In the rapidly changing world of financial services, survival-not to mention prosperity-on the electronic frontier is predicated on one's ability to redefine how the game is played by changing the rules.
It's a matter of taking risks, thinking content and forgetting that you're a banker. The argument that banks, as regulated entities, are victims of unfair competition is a flawed one; winning the battle to distribute great content on the electronic frontier depends not on what agency you're governed by, but rather an institution's willingness to look for new ways to create value in the marketplace.
At most, regulation is a compliance issue, not a competitive ball and chain. The great business leaders of our time-pick any industry-don't expend a lot of energy on regulatory matters as a hindrance to their strategy or competitive position, never mind cry foul when regulatory winds blow against them. It's a function of doing business, but it isn't what drives your profit motive.
Instead, leaders with vision remain focused on seizing new business opportunities and making money. Did Bill Gates ever lose much sleep over the U.S. Department of Justice's probes? Please, that doesn't even require an answer. Just look at the profitable results since 1994, and they continue to mount daily. Gates' success and the company's profit margins aren't dictated by what regulation does or does not afford him as chairman and CEO of Microsoft; his competitive edge comes from being second to none in identifying content and distribution opportunities that others fail to see. And he's doing it in more than one industry, financial services among them. How? He skirts convention-and he's not alone.
In our inaugural issue of FutureBanker, we explore the parallels between the radical emergence of power players in the entertainment industry and those facing banks today (see cover story, p. 40). The contention that banks can learn a great deal from the huge market share won and lost by players in the entertainment world is a compelling one. The entertainment industry's turf wars were waged by once-unconventional contenders like Rupert Murdoch, who, recognizing that the broadcast networks were fat, dumb and happy, set about building a media empire spanning motion pictures and broadcast, cable and satellite television. Where were the networks in all of this? By the time they looked up, the controlling interests in the content game had shifted to players like Michael Eisner and Michael Bloomberg.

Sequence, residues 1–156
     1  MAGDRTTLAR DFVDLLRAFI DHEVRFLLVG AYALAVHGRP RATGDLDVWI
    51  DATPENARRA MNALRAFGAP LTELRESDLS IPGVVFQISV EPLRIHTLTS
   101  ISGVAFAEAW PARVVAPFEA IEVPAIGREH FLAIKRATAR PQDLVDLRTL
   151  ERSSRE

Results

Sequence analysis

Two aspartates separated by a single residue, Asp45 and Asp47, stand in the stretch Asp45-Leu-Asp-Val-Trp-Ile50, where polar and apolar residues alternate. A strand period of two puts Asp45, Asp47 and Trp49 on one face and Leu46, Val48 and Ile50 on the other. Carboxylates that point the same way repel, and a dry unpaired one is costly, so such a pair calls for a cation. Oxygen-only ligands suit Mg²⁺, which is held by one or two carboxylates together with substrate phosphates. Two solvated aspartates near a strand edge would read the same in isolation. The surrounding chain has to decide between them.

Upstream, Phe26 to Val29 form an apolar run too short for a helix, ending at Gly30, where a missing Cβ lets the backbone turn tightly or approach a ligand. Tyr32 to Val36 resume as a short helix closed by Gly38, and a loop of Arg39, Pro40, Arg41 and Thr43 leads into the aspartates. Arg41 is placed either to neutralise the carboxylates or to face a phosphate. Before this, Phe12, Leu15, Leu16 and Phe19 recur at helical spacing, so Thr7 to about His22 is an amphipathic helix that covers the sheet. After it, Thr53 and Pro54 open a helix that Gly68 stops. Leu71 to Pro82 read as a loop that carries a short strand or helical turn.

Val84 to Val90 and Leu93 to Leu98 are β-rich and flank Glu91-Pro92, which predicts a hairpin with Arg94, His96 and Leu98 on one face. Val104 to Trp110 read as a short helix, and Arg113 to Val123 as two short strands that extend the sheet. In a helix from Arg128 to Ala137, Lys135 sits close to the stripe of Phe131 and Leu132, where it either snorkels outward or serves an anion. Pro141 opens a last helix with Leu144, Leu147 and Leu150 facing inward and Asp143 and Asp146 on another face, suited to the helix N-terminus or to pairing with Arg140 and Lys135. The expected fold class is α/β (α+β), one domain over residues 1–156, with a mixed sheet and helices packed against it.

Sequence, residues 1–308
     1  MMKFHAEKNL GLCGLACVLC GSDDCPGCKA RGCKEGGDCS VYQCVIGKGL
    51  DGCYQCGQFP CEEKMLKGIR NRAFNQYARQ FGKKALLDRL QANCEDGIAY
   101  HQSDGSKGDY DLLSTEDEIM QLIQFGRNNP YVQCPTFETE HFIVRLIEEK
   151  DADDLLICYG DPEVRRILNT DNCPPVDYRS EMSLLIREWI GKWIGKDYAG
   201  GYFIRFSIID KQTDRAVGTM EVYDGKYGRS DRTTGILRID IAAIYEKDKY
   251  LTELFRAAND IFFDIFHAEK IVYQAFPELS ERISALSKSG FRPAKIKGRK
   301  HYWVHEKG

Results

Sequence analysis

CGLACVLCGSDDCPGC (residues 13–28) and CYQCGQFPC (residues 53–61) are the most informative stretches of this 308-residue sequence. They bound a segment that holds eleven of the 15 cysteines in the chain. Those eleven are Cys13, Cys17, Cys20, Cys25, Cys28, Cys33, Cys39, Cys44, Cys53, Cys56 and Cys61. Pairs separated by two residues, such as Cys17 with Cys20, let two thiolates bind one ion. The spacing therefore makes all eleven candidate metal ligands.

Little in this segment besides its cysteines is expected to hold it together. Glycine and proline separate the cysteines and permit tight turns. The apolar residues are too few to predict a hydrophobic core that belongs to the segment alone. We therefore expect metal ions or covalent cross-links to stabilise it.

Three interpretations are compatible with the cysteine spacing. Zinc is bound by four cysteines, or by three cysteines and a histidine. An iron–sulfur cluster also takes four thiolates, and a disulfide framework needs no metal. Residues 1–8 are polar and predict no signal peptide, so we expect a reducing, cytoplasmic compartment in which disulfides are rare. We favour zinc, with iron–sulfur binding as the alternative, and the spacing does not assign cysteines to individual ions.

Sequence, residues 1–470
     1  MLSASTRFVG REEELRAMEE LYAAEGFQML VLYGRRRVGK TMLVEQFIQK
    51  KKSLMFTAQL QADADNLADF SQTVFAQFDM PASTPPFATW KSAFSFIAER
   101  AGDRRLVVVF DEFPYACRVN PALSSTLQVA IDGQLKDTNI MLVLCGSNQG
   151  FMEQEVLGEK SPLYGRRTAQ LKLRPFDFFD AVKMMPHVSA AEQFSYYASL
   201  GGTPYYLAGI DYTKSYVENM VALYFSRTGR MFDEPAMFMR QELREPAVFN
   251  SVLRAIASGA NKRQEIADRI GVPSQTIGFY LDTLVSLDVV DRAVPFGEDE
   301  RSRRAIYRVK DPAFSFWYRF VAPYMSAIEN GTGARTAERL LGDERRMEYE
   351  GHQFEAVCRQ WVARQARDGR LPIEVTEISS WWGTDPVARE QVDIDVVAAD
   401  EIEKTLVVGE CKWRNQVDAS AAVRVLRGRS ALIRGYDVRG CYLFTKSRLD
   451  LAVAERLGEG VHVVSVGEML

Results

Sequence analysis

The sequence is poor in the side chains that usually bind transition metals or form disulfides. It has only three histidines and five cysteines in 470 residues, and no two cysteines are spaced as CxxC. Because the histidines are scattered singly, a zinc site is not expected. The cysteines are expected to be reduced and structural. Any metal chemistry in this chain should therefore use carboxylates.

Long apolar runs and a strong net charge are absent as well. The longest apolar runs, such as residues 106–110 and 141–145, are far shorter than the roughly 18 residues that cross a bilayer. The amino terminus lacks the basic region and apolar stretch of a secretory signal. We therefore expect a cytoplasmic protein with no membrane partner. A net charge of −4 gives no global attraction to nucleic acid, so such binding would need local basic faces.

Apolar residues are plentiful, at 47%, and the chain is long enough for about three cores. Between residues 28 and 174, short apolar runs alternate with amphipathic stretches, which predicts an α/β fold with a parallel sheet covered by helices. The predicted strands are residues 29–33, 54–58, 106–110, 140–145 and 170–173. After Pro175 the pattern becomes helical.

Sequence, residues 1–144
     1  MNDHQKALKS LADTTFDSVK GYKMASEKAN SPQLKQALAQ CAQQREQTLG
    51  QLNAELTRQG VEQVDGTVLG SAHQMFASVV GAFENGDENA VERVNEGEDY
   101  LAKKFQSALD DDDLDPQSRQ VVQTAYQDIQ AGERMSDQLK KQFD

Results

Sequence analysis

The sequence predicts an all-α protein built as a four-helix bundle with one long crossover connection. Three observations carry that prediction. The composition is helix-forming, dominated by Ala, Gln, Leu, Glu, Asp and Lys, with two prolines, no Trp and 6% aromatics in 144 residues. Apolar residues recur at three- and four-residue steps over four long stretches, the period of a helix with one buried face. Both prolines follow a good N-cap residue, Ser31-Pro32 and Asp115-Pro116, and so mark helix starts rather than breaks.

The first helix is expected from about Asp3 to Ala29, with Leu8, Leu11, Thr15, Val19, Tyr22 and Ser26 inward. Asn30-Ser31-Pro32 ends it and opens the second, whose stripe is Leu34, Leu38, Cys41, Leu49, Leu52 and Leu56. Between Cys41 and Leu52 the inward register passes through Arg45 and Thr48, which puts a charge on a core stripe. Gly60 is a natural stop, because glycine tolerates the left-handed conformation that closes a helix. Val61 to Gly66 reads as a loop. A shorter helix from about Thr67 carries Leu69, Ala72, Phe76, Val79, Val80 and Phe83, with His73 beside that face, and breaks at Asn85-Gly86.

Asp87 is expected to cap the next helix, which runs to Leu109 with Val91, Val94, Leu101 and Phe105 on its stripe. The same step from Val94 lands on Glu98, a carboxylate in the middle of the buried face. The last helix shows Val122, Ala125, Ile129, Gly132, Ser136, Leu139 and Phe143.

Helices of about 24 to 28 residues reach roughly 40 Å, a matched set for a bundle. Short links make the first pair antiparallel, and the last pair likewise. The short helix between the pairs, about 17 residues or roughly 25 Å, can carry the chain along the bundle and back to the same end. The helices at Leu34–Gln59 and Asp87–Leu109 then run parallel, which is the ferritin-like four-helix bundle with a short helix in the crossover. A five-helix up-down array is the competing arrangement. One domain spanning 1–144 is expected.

But take heart; if banks are analogous to broadcast and cable networks, there is hope. Consider NBC's bold decision to partner with Microsoft and launch MSNBC. At one time, that strategic alliance would have been unprecedented; today, it's a requirement. The moral: If banks start thinking more like providers of electronic financial services content- doesn't matter who manufactures the product; it's what sells that counts- and less like overly regulated entities, this game could get very interesting.
Enjoy the read. sraeel tfn.com